Eliza Dushku breaks silence on $9.5 million CBS sexual harassment settlement

"I took a job and, because I did not want to be harassed, I was fired."

'Bull,' Eliza Dushku
Michael Weatherly and Eliza Dushku in a scene from "Bull." Barbara Nitke/CBS

Eliza Dushku has broken her silence about a $9.5 million settlement she received from CBS. In a lengthy essay for The Boston Globe’s opinion section, the Watertown native explains in painstaking detail how she says her “Bull” co-star Michael Weatherly regularly harassed and demeaned her, then got her fired when she pushed back against his behavior.

Dushku wrote that she originally declined to comment for the Dec. 13 New York Times article that broke news of the settlement because she believed the terms of the settlement compelled her silence. But after Weatherly’s and writer-producer Glenn Gordon Caron’s comments to the newspaper, which Dushku said “amounted to more deflection, denial, and spin,” Dushku decided to set the record straight.


“I do not want to hear that I have a ‘humor deficit’ or can’t take a joke,” Dushku wrote. “I did not over-react. I took a job and, because I did not want to be harassed, I was fired.”

Dushku described a pervasive pattern of inappropriate behavior by Weatherly captured by CBS’s own videotapes.

“For weeks, Weatherly was recorded making sexual comments, and was recorded mimicking penis jousting with a male costar, this directly on the heels of the ‘threesome’ proposal, and another time referring to me repeatedly as ‘legs,'” Dushku wrote. “He regularly commented on my ‘ravishing’ beauty, following up with audible groans, oohing and aahing. As the tapes show, he liked to boast about his sperm and vasectomy reversals (‘I want you to know, Eliza, I have powerful swimmers’).”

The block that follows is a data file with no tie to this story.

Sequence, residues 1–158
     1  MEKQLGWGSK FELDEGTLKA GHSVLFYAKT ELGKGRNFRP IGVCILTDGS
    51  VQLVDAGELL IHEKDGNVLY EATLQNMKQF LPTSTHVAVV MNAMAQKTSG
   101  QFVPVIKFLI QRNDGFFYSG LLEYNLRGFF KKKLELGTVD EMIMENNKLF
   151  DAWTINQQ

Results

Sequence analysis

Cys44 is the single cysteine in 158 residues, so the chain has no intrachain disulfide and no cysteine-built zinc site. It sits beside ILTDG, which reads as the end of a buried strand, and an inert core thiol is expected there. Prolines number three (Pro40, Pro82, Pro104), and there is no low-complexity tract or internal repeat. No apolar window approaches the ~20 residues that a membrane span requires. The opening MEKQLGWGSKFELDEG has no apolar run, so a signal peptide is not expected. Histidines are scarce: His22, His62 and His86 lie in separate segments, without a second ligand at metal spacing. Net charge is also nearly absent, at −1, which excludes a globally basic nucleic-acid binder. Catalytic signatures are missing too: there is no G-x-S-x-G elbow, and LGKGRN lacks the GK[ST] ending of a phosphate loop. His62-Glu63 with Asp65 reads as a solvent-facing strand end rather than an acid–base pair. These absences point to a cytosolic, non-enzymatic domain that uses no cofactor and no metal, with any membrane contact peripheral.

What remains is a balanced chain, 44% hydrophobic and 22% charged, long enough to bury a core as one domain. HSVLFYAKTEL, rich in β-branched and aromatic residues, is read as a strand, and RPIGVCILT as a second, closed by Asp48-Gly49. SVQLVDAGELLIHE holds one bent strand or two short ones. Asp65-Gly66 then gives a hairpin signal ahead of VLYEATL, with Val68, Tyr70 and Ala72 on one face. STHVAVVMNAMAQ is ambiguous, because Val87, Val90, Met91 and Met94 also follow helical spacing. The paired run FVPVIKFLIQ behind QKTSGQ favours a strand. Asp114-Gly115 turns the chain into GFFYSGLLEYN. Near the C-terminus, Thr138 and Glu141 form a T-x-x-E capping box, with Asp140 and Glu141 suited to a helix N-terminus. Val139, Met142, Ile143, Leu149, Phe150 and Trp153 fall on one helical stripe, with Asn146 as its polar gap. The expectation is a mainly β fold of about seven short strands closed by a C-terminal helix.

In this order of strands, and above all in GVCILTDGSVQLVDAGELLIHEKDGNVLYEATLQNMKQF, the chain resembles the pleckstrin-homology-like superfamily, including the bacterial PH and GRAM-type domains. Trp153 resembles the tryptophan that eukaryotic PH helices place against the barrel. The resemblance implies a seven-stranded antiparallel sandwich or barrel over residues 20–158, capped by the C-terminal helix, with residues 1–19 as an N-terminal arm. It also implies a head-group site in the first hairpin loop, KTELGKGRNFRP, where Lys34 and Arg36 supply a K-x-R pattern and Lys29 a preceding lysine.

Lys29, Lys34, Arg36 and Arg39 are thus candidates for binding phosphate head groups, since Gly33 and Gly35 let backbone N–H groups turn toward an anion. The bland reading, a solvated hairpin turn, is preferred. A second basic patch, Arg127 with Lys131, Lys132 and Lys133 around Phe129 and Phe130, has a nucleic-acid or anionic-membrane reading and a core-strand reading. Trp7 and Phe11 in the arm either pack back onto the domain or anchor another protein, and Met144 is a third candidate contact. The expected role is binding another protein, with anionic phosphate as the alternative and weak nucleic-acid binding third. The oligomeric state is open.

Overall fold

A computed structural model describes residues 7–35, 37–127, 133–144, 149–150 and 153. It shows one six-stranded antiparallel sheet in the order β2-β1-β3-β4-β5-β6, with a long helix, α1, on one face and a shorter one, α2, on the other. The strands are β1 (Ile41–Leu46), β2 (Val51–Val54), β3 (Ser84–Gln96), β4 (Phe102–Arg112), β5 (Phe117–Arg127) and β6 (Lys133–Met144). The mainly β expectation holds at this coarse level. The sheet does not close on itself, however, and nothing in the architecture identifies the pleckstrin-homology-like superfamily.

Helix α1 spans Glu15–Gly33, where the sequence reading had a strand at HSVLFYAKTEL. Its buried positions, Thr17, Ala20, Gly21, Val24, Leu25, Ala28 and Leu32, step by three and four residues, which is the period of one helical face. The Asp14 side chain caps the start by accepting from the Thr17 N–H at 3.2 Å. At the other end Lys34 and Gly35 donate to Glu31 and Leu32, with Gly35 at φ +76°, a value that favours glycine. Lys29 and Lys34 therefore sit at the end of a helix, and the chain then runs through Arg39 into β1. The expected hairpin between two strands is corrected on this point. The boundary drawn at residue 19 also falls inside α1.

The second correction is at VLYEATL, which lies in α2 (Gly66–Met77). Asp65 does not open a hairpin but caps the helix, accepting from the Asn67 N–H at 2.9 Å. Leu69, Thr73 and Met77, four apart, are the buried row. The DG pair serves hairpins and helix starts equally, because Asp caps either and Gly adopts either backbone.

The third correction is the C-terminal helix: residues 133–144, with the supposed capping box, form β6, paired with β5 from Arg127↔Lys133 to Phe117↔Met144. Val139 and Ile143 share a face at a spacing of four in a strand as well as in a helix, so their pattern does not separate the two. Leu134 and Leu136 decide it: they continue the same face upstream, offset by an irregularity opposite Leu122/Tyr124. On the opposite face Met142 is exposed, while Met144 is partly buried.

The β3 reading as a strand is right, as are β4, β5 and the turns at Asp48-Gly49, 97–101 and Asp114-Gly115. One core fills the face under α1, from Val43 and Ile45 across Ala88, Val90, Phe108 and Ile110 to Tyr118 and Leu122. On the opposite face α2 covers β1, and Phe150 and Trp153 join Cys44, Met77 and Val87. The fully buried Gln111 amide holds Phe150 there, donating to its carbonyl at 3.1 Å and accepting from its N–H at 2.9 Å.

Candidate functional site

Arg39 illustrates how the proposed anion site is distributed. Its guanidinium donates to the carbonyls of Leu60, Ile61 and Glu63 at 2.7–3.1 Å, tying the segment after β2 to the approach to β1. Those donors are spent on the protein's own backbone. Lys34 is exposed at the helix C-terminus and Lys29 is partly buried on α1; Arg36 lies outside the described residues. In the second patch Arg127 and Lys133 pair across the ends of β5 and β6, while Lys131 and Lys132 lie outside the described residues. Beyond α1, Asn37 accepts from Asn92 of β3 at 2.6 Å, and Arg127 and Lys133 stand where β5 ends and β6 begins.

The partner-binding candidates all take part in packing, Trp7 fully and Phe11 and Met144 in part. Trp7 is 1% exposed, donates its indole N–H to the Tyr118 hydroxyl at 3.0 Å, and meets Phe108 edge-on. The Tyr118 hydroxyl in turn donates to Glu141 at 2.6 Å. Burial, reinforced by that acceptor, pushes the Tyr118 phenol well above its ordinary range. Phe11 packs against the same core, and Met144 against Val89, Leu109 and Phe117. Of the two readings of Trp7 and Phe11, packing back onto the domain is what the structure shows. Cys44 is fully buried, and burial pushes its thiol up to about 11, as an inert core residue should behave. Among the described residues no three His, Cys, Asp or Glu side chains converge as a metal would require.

Dushku also said that Weatherly frequently bragged about his close friendship with then-CBS chief executive Les Moonves. On Monday, CBS announced it will not pay Moonves his $120 million severance after the network concluded it will be able to fire him with cause for violating company policy and being uncooperative with its investigation into sexual harassment claims against him.

“He regaled me with stories about using Moonves’s plane, how they vacationed together, and what great friends they were,” Dushku wrote. “Weatherly wielded this special friendship as an amulet and, as I can see now, as a threat.”


Dushku said that prior to being fired from the show, there were advanced plans to make her a co-lead on the series alongside Weatherly, a deal that could have been worth much more than her $9.5 million settlement. She said that plan disappeared within 48 hours of her speaking to Weatherly about his behavior.

“My talent representatives spoke to Caron about my firing months later,” Dushku wrote. “Caron defended Weatherly, explaining he had simply exhibited ‘frat’ behavior and added, ‘What does [Eliza] expect, she was in Maxim.’ On the subject of my legal rights, Caron said to my manager, ‘If Eliza wants to be out of the business by suing CBS, she can be out of the business.'”

Dushku said that while she took some solace in the terms of her settlement, which requires CBS to hire someone trained in “sexual harassment compliance” to monitor Weatherly’s behavior and the show in general, she is still seeking answers.

“I am still trying to make sense of how this could happen, especially in these times,” Dushku wrote. “The last thing I want at this point in my life is to be in the news. I am recently married and very happily finishing my college degree at home in Boston. But I do feel it is my duty to respond honestly and thoroughly to CBS, Michael Weatherly, and Glenn Gordon Caron’s latest revisionist accounts.”